The University of Pennsylvania drew the curtains on the Rear Window affair yesterday, dropping a sexual-harassment complaint against a student who photographed the bare backside of another student as she and her paramour apparently had sex in full view of the street below.
Free-speech advocates had blasted the university for attempting to discipline the photographer, an engineering major who snapped the picture of the naked pair sometime in September and then posted it on his personal Penn Web site. His defenders argued that if anyone were to be punished, it should have been the coupling couple for lewd behavior and indecent exposure.
Penn officials would not say what prompted their quick reversal, but recent media attention and the sudden involvement of Penn history professor Alan Kors, a prominent free-speech activist, likely played a role.
The university released a brief statement yesterday evening saying it remained "disturbed by the photographer’s conduct" and "concerned about the wide dissemination of the intimate photos" that "subjected another member of the Penn community to embarassment and ridicule."
"We have asked the student photographer to apologize and sincerely hope he does," the statement concluded.
The pictures were taken during broad daylight, with no telephoto lenses. Small crowds that included a number of people with cameras gathered to watch the couple, who repeated the act in front of the dorm-room window over several days, said Andrew Geier, a Penn graduate student who served as an adviser to the accused photographer during the run-up to disciplinary proceedings.
"They chose deliberately not to be private," said Kors, who also represented the photographer. "Whether it was part of their thrill, I don’t know."
The thrill apparently was gone by October, when one half of the naked duo filed a complaint against the photographer, according to university spokeswoman Lori Doyle. By then, at least two photos had spread across campus and onto Internet sites.
Although he had posted a picture of the couple on his personal Penn Web site, the exonerated photographer had not taken the photos that wound up in broader circulation, Geier said.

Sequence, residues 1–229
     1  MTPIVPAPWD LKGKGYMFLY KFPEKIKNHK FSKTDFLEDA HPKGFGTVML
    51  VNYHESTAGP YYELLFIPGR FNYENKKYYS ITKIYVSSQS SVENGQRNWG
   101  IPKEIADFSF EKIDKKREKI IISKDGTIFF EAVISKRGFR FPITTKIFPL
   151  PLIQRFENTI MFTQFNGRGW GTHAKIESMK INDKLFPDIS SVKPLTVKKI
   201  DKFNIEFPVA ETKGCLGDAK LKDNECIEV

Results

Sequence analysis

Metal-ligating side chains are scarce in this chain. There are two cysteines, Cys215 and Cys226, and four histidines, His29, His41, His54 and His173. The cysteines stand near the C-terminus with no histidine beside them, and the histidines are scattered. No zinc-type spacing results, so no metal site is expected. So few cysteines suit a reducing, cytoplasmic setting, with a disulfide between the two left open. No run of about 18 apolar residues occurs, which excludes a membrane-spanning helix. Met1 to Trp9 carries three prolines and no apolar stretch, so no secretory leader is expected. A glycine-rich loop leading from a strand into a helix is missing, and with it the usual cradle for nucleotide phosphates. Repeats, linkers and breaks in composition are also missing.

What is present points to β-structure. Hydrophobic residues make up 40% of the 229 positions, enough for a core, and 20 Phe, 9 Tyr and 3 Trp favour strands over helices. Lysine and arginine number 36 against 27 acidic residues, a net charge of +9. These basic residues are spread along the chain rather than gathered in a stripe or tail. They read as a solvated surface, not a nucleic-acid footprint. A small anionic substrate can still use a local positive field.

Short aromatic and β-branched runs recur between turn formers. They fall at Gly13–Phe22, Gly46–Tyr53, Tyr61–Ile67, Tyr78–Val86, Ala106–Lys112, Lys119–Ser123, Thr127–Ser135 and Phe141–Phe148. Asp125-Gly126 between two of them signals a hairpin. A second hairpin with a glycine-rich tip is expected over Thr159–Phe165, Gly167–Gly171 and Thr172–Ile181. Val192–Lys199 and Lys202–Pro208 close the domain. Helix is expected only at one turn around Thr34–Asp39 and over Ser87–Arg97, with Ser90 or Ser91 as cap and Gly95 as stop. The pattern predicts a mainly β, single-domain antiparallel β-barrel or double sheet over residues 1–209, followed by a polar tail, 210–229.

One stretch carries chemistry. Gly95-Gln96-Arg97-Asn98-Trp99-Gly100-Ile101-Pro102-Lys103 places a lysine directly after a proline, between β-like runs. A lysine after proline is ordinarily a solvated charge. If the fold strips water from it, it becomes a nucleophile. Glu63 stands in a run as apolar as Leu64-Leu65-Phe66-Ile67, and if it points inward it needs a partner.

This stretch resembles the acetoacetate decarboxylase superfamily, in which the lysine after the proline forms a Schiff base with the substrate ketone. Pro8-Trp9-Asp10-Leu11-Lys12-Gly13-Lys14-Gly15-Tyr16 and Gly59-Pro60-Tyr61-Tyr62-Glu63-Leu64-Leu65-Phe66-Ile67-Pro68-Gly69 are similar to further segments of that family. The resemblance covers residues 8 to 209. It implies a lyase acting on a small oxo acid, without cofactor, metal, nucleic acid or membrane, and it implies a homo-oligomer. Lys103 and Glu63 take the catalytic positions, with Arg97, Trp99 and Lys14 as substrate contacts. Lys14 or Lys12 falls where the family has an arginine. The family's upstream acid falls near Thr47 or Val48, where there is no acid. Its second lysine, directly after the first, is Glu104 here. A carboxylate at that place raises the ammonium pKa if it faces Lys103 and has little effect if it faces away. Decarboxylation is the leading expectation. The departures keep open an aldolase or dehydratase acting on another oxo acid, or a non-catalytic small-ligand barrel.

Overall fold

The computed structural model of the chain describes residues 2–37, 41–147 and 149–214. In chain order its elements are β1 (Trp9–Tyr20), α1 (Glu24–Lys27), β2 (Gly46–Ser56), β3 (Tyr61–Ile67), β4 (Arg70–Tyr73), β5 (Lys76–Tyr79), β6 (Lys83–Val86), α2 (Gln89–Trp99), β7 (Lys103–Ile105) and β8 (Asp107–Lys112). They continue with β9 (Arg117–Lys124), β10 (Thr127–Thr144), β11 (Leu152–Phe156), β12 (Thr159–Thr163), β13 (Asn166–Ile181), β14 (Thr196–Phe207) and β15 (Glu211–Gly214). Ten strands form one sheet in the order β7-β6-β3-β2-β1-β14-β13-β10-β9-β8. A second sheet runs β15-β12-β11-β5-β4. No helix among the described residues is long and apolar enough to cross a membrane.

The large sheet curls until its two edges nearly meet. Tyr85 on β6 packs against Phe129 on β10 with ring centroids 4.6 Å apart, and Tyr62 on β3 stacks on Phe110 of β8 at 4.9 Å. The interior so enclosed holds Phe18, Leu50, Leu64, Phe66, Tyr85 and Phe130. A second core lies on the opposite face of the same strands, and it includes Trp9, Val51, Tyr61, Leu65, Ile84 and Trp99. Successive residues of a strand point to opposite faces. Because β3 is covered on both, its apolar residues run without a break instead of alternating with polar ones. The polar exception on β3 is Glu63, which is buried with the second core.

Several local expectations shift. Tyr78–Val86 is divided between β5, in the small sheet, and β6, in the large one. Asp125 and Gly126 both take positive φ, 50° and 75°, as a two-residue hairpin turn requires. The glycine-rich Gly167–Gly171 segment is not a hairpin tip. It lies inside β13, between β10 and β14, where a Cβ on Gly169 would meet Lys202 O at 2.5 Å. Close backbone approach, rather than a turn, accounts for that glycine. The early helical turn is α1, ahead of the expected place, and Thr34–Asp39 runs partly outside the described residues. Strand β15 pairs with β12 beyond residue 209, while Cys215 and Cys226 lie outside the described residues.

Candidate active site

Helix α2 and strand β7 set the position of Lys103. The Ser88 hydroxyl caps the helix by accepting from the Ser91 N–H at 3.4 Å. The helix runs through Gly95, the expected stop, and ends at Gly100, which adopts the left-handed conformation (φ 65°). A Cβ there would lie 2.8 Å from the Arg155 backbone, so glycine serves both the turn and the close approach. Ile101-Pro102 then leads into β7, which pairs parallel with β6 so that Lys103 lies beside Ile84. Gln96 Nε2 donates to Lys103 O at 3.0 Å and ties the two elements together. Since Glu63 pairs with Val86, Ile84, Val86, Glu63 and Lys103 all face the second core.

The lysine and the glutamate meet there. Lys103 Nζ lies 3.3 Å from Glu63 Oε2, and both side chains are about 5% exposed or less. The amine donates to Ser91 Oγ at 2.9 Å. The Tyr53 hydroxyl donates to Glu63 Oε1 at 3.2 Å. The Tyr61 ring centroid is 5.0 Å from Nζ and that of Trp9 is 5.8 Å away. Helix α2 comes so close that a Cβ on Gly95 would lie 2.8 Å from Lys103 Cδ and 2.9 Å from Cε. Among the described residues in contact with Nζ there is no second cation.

The faces of the naked couple are not clear in any of the most infamous images. And because the university disciplinary process is confidential, Penn did not release the names of anyone involved in this case. Nonetheless, the female student’s identity has become well-known on campus.
"My client is emotionally shattered from what is an extremely disturbing ordeal," said Jordan Koko, her attorney. "There has been a public invasion into her personal life."
The Daily Pennsylvanian, the campus newspaper, obtained investigative documents this week showing that the Student Conduct Office originally concluded that the photographer had violated the school’s sexual-harassment policy and other codes. The memos said he had invaded the complainant’s privacy, caused her "serious distress" and created "an intimidating living environment."
In a university context, the words distress and harassment raise red flags for free-speech advocates.
"They’re catchall terms for activity that people don’t like," said Greg Lukianoff, director of legal policy at the Philadelphia-based Foundation for Individual Rights in Education (FIRE), a nonprofit advocacy group.
Kors founded FIRE in 1998, after the notorious "water buffalo" affair at Penn five years earlier. In that case, Kors defended a freshman who had called a group of African American sorority women on the street below "water buffalo" as he shouted at them to be quiet. Some considered the term a racial epithet, and the student was prosecuted for violating the university’s racial-harassment policy.
The case sparked a national debate on university speech codes and political correctness on campus. In the aftermath, Penn’s trustees relaxed their speech policies considerably.
"Penn has actually in recent years been very good about its promises to free speech and free expression," Lukianoff said.
From FIRE’s perspective, that record would have been badly tarnished if the university had gone ahead with its plan to put the photographer on probation and compel him to write an apology to the complainant.
"We are about to learn a lot about this university," Kors said yesterday, before Penn announced the disciplinary proceeding was over. "If it is sane and moral, it will drop the charges."
Schools: University of Pennsylvania